Monthly Archives: May 2015

rare earth elements

Rare Earth Elements

As is the case in so much manufacturing, China is now the world leader in the production of a class of elements known as rare earths. They are not actually rare in terms of relative abundance in the earth’s crust, Cerium for example is about as common as Copper. The rare part of the name comes from the fact that they are difficult to obtain because they generally don’t occur in high concentration deposits as do better known metallic elements such as Iron, Copper, and Nickel.

Where they are found, the ores occur in lower concentrations and because the various rare earth elements have very similar chemical properties, they are difficult to separate. This makes the processing all the more expensive. Seventeen elements constitute the group, the majority of which occur in the Lanthanide Series of elements.

Although they share much of their chemical properties, each has unique uses especially in electronics and other modern high tech products.

One of the more common is Neodymium (Nd, atomic number 60.) It confers hardness and unique optical properties when used in small amounts as a dopant in glass. This glass is then used in the manufacture of certain kinds of lasers. Nd is also used in an alloy for high strength permanent magnets. Neodymium magnets have the advantage of having a high magnetic field strength to weight ratio. Applications include loud speakers, in-ear headphones and computer disks.

Several of the rare earths were first discovered in Ytterby, a small town in Sweden,. Yttrium (Y no. 39), Ytterbium (Yb 70), Erbium (Er 68), and Terbium (Tb 65) all take their name from the same mine

As noted many modern devices utilize rare earths – electronics, magnets, lasers, batteries, and efficient lightning just to name a few. An obvious modern device loaded with rare earths is a hybrid car. About 28 kilograms (~ 62 pounds) of rare earths go into a hybrid car. That is only a small fraction compared to the total weight, but it is a very important fraction.

Another now ubiquitous device, the cell phone, is chock full of rare earths. The glass is harder, and the speakers and memory are lighter, and the vibrating motors stronger – all due the rare earths.

So what’s the big deal about rare earths? The big deal is that currently China controls 97% of the market on these elements which are so important to modern society and even more importantly to a modern military. Our military is dependent on a foreign power for a strategic material. There are exploitable deposits of rare earths in the United States, but are not mined because of costs.

Efforts are being made to bring the cost of mining and processing of the rare earths down which could make our sources more attractive. That said, applying the same techniques to the richer Chinese deposits will make their materials correspondingly cheaper also.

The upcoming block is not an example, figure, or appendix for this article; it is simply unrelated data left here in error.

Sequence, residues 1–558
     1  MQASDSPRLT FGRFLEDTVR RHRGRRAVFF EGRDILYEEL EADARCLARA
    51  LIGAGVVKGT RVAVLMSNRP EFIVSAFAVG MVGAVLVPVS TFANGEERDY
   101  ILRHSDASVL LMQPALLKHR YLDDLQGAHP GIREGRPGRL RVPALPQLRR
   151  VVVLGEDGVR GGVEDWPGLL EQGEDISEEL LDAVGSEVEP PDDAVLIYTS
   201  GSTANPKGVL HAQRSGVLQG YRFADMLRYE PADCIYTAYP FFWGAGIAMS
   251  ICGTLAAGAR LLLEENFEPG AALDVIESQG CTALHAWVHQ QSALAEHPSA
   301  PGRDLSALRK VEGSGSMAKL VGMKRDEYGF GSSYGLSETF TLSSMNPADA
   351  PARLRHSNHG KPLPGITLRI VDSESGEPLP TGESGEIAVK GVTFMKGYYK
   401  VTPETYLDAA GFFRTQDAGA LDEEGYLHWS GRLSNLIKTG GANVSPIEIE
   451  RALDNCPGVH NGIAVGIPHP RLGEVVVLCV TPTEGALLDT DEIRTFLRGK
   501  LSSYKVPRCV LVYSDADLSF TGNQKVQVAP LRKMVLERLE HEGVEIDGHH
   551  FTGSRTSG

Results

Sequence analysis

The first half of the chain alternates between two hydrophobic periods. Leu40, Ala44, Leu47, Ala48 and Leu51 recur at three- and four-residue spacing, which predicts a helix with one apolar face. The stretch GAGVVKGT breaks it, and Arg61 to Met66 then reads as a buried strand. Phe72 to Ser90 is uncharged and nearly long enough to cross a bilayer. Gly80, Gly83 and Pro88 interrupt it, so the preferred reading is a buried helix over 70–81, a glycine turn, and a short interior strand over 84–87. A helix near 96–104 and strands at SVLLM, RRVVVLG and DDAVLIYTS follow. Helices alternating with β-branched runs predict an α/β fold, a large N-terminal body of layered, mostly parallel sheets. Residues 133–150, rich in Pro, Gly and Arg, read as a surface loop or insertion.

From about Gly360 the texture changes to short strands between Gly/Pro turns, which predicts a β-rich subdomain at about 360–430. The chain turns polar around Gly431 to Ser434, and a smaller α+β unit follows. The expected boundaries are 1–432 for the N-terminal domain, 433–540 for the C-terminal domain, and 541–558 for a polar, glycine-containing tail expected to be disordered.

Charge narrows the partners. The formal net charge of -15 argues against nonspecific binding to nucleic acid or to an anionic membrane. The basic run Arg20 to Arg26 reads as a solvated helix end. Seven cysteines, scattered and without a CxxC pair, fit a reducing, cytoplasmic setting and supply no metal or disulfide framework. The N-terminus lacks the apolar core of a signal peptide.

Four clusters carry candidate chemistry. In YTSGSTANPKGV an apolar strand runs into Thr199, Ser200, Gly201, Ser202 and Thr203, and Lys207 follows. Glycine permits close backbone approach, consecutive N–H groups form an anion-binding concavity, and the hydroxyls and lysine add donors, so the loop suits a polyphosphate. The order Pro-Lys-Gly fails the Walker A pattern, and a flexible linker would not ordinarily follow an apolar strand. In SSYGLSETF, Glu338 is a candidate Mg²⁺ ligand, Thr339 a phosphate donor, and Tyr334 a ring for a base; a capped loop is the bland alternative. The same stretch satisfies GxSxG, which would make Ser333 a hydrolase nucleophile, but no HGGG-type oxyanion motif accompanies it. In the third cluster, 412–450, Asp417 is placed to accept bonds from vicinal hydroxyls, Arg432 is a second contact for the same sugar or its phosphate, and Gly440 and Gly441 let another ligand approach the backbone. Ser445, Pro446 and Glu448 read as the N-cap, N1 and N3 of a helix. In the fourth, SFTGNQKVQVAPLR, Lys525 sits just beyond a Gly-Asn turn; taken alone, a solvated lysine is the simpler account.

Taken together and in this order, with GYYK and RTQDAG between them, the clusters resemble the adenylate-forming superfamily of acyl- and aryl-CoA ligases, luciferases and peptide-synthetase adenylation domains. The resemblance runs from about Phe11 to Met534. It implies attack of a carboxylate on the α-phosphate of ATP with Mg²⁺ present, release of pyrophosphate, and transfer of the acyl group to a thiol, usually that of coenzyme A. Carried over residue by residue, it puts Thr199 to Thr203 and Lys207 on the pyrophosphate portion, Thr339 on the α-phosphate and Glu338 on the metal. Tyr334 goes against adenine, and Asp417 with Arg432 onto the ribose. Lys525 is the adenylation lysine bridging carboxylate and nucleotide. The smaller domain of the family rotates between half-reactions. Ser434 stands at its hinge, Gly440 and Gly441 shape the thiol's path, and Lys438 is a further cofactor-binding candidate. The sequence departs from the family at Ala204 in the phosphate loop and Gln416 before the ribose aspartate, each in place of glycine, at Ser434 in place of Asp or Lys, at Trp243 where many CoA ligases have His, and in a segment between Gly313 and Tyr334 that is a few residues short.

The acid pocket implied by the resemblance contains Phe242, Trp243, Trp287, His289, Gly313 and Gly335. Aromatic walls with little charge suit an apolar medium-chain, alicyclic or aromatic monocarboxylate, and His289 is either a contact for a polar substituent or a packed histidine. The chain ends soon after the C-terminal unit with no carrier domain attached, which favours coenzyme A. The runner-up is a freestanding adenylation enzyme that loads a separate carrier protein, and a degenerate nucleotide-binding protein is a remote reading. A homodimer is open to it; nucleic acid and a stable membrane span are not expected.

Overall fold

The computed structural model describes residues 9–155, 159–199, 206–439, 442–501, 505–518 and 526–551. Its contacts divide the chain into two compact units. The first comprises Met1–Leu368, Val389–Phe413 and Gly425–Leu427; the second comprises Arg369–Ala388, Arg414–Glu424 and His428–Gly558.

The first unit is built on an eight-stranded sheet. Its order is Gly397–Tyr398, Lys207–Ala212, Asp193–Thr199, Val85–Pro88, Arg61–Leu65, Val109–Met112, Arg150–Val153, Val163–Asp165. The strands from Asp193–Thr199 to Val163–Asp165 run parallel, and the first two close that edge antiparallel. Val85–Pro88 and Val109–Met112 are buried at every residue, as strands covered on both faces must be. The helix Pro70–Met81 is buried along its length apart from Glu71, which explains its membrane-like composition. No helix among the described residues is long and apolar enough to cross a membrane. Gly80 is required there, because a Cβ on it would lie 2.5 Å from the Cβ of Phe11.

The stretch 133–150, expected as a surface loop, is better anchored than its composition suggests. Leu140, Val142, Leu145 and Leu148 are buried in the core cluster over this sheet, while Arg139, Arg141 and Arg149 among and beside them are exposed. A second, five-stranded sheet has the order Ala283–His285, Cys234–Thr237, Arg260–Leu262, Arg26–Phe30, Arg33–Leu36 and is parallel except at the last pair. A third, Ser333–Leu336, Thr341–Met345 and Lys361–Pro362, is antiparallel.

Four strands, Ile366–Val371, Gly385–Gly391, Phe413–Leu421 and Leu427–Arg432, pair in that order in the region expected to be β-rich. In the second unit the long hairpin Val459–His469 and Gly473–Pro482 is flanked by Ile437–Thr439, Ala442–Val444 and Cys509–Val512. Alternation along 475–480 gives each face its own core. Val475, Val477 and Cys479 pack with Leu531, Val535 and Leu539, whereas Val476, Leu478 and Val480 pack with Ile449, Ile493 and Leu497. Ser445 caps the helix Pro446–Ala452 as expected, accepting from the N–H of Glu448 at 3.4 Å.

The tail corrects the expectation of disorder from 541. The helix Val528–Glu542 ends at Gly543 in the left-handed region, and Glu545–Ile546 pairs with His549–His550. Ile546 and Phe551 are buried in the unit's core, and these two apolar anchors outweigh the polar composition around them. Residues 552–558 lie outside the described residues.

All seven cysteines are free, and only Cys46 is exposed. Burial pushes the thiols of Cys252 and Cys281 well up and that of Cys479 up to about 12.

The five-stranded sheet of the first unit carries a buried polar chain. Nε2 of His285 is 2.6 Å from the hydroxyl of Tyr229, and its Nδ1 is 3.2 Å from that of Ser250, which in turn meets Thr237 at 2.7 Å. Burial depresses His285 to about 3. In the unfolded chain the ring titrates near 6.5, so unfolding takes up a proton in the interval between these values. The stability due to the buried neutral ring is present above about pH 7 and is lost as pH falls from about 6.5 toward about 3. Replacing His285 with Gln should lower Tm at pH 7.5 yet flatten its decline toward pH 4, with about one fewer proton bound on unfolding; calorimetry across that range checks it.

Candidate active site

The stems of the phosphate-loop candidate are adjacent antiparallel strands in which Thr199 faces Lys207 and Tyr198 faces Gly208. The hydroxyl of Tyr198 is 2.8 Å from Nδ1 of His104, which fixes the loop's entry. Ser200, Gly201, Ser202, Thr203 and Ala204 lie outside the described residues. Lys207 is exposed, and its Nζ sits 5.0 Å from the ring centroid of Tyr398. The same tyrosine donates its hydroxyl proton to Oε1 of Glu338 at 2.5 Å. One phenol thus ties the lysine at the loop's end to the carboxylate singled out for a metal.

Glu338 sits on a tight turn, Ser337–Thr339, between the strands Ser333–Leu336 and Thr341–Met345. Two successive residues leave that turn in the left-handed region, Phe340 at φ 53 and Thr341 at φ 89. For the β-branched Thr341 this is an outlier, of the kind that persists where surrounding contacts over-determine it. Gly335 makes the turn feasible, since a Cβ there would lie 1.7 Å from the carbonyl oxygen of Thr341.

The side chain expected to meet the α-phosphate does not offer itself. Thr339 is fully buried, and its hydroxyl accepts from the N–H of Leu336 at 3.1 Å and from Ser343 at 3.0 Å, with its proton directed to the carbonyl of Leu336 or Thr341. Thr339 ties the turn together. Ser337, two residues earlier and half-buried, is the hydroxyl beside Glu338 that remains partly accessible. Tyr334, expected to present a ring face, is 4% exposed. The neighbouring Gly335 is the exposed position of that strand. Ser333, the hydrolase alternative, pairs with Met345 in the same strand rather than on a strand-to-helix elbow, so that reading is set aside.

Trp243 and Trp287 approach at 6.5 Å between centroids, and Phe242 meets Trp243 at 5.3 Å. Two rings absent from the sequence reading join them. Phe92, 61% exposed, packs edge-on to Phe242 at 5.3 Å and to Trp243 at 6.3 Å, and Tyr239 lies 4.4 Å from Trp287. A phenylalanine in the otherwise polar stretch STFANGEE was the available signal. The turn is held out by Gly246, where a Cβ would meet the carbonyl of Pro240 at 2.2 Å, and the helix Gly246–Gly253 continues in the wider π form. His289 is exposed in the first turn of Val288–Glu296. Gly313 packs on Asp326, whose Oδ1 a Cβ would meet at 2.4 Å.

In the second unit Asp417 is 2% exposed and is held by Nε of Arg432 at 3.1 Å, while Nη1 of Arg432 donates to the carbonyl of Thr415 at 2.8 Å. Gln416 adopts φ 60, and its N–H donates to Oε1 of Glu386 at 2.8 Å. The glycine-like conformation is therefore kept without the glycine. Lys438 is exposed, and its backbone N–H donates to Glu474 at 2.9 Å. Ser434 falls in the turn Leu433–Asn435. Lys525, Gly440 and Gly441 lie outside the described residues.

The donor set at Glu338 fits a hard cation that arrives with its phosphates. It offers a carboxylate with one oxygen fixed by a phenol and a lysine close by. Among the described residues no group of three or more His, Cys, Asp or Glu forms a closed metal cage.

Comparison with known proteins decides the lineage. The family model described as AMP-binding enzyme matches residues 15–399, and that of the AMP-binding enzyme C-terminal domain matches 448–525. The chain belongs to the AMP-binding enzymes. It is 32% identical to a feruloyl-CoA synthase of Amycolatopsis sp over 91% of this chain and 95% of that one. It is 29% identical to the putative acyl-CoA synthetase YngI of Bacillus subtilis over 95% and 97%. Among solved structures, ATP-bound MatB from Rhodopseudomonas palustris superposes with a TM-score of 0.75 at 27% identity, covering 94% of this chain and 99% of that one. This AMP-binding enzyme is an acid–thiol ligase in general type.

tesla battery

Batteries for the Future – Now

A recent Op-Ed in the New York Times (about food) gave a hat tip to the Sierra Club and their Beyond Coal campaign – an effort to close all coal fired power plants by 2030. The point of the piece was the necessity of activism and organizing around a particular issue.

Since the inception of the program in 2010, no new coal plants have been built and 188 closed or planned to close in the near term. Currently just of under 40% of the electric generation capacity in the United States comes from burning coal, but the number is falling – replaced by natural gas plants and a mix of wind and solar.

As long as intermittent energy, wind and solar, constitute a small fraction of the total electric supply, grid operators can balance the load as needed by reducing power from the coal plants. But what about when the coal plants are gone? What do we do when the sun isn’t shining or the wind isn’t blowing?

There is no doubt that there is enough solar in the Southwestern US or wind the Midwest to power the nation, but storage and transmission is a controlling factor to the use of these clean sources of energy. Tea party types are resisting transmission lines on the basis of property rights and governments in conservative states are making small scale renewable energy less attractive to protect their power companies’ turf.

When one thinks of energy storage, explicitly electrical energy, batteries are it. Enter Elon Musk, billionaire entrepreneur and builder of the Tesla Electric car. More important than the electric car are the batteries that power them, at least that is what Mr. Musk thinks. He has recently gone into the battery market, not only for his cars, but for stationary applications. He introduced a 10 kWh battery that can be used for a myriad of applications.